But really it’s all about one Benjamin: Benjamin ‘Bibi’ Netanyahu.
After three nail-biting national elections (April 2019, September 2019, and March 2020), Israel finally has a new government. Congratulations! Mazal Tov!
For more than a year, the Israeli public witnessed a seemingly never-ending ‘texas hold’em’ poker game that they didn’t have to go across the border to Taba in order to see. And then in a flash, it was all over. The two major players went ‘all in.’ Gantz bluffed. Bibi called. And the rest, as they say, is history.
But before people get too excited, let’s take a closer look at the composition of this new ‘national unity’ government:
It has the most ministers ever…
The 35th (2020) Israeli government is by far the largest of all time. The cabinet includes 35 (soon to be 36 if the government ever decides to declare the COVID-19 ‘crisis’ over) ministers. Additionally, there will also be as many as 16 deputy ministers. In terms of comparison, the previously largest 32nd (2009) Israeli government had 30 ministers and 9 deputy ministers.
For those that are unaware, government ministries are expensive experiments in job creation costing the public excessive amounts of money. Each minister is provided with office space, cars, drivers, a director-general, a full-time staff, and, of course, generous expense accounts. If deemed necessary, they are even given a security detail. Each deputy minister is provided with nearly all of the items listed above as well. With the national unemployment rate standing at close to 25% is this really the time to massively increase government spending?
Mark my words: Public officials will never treat public spending as they would their private pocketbooks. Anyone who thinks otherwise is simply delusional.
It features questionable appointments…
Likud MK Gilad Erdan has been appointed as both Israeli ambassador to the United Nations (UN) as well as to the United States. It goes without saying that Bibi, a former Israeli ambassador to the UN himself, should know better than to combine these two important jobs!
The lone Gesher MK, Orly Levy-Abekasis, has had an entirely new ministry created just for her – the ministry for strengthening and advancing community. Am I the only one that believes this is completely unnecessary?
The new public security minister MK Amir Ohana is widely considered an ultra-Netanyahu loyalist. The primary focus of his new job description appears to be in charge of trying to get his boss off the hook in cases 1000, 2000, and 4000. How fast can you say conflict of interest?
Meanwhile, two highly qualified Likud MK’s seem to have been left out in the cold. Both former Shin Bet head and deputy defense minister MK Avi Dichter, and former Jerusalem mayor and rookie MK Nir Barkat haven’t been tapped by the Prime Minister to fill any meaningful role in the new government. If you think this was done by chance, think again. Bibi has a well documented past of deliberately sidelining those best positioned to someday replace him as Likud party chairman.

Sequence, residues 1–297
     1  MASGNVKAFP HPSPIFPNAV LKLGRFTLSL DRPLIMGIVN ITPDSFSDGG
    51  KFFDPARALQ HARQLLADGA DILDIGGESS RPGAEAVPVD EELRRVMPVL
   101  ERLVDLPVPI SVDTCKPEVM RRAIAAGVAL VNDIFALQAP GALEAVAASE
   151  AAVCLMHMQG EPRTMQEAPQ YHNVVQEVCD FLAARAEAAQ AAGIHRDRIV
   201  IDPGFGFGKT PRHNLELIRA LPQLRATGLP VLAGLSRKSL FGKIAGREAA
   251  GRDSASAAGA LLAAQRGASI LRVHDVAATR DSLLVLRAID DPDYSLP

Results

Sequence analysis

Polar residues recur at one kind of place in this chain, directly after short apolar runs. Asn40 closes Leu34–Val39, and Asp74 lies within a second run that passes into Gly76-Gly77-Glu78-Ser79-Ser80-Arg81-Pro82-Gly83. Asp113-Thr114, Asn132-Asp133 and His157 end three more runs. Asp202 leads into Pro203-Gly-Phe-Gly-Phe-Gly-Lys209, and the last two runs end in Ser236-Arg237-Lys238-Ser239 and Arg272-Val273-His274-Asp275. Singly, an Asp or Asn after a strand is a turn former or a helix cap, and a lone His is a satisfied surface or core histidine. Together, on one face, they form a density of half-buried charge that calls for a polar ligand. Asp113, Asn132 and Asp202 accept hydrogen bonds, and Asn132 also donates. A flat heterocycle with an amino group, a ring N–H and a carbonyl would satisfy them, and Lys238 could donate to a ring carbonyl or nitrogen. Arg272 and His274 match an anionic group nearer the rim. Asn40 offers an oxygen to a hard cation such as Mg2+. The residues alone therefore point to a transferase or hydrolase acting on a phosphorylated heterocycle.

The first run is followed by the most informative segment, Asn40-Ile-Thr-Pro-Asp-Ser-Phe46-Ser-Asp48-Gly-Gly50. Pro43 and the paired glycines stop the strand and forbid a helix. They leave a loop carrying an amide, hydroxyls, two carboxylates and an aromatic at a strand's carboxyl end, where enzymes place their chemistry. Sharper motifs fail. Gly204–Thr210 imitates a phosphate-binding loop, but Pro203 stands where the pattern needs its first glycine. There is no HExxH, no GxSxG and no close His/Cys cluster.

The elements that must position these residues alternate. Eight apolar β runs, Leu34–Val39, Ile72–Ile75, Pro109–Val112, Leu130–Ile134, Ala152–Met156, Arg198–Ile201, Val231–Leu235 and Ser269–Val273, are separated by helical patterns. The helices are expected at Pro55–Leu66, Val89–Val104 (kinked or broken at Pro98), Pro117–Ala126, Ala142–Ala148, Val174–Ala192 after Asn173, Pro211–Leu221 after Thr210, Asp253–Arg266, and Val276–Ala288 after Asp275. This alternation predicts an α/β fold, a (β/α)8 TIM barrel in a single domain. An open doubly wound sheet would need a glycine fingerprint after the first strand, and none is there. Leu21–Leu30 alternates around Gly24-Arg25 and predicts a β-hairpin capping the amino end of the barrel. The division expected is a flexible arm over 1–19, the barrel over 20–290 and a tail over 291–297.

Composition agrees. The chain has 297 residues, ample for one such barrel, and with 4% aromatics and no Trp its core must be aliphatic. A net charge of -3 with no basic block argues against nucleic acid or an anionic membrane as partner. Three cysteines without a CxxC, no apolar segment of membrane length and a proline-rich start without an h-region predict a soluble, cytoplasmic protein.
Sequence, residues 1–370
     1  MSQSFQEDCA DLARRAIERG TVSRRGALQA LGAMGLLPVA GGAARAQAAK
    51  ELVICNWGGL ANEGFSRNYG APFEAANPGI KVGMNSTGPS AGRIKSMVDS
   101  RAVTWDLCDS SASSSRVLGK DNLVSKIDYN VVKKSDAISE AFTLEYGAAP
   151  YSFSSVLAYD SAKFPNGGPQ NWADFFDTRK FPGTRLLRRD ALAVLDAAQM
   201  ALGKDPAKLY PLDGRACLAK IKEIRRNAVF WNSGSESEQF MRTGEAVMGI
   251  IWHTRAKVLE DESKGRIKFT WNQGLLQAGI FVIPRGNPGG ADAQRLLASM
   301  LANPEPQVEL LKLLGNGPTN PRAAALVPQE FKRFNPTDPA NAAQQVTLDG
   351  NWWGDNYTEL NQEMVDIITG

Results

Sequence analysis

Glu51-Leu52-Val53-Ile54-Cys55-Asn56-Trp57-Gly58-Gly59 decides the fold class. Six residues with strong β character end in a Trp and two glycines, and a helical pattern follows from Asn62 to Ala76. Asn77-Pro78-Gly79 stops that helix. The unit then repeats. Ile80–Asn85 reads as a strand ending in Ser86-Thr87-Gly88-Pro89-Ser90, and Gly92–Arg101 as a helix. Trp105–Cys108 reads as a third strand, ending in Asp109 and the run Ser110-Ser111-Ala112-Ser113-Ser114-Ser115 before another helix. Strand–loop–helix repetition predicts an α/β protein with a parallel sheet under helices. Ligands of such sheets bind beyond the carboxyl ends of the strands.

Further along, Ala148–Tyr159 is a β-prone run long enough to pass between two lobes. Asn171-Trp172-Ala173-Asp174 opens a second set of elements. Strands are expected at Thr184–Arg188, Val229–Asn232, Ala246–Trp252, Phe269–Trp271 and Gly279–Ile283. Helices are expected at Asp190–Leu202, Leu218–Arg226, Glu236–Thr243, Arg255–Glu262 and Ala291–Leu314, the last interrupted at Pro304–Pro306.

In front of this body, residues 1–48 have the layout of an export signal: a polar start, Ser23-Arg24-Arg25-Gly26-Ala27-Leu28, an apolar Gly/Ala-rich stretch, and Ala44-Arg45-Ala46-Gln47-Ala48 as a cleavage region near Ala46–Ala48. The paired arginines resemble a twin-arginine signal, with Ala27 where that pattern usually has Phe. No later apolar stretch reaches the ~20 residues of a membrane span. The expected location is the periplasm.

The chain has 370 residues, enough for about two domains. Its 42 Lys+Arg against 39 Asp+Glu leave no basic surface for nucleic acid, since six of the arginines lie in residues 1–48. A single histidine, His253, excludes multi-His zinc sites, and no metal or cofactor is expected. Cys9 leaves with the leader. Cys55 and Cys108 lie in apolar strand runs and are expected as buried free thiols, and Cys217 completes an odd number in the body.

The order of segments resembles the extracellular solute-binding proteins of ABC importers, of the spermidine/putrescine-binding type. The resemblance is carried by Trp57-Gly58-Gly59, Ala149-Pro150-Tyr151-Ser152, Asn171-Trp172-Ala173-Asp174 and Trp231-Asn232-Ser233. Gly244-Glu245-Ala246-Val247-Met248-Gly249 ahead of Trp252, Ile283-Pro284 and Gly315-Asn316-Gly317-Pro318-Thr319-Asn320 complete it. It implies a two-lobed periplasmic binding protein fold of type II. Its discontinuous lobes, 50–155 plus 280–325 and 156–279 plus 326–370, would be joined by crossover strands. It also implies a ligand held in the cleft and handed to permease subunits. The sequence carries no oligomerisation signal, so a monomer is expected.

But even more questionable priorities…
West Bank annexation
Respected right-wing pundit Dr. Daniel Pipes of the Middle East Forum drew the ire of his normal base of supporters by coming out against annexation in a compelling op-ed for The New York Times. If the right is see-sawing on annexation, and the left is firmly opposed, why rock the boat unnecessarily? Especially if you believe the ‘status quo’ serves Israel’s long-term interests.
Besides making some people feel better and others feel worse, it’s hard to see what annexing all, or parts, of the West Bank will actually do in practice.
Since the signing of the Oslo agreements between Israel and the Palestinian Authority in the mid-90s, the West Bank has been divided into Areas A, B, and C. Area C, or around 60% of the West Bank, is already under full Israeli control and includes all Israeli settlements, as well as all land designated for use by the Israeli Parks Authority and the Israel Defense Forces. How would extending Israeli sovereignty in this area change any of this?
Mum on Gaza and Lebanon
Everyone knows that the next round of fighting between Israel and Gaza is a matter of when, not if. So then what will the new government do differently with regards to the Islamic terrorist organization that controls the densely-populated coastal enclave? Wait, we pretty much already know: absolutely nothing. Because the Benjamins are the twin architects of keeping Hamas in power in Gaza for fear that a new, more radical interlocutor, might emerge.
And for that matter, does anyone even remember the last time Hezbollah, undoubtedly the biggest immediate threat facing Israel from across the internationally-recognized border with Lebanon, was even mentioned? I certainly don’t.
COVID-19 already a thing of the past?
Great, so we’re all wearing ninja masks, gloves, and walking through disinfectant showers to ‘win’ against this insidious, invisible, enemy. So far less than 300 Israelis have died making COVID-19 less of a threat than annual road deaths. Watching the surreal scenes of excessive social distancing from the new government’s swearing-in ceremony in parliament, as well as the first meeting of Israel’s largest-ever cabinet, really makes one wonder: When is too much, too much? End the policy of fear already! It’s time to allow all Israelis to return to their routines. The new government should end all economic restrictions, allow busineses to re-open, and people to go back to work. Let’s dedicate the state’s limited resources elsewhere.
Oh wait, we already know where all those resources went: three national election campaigns and an inflated ‘national unity’ government.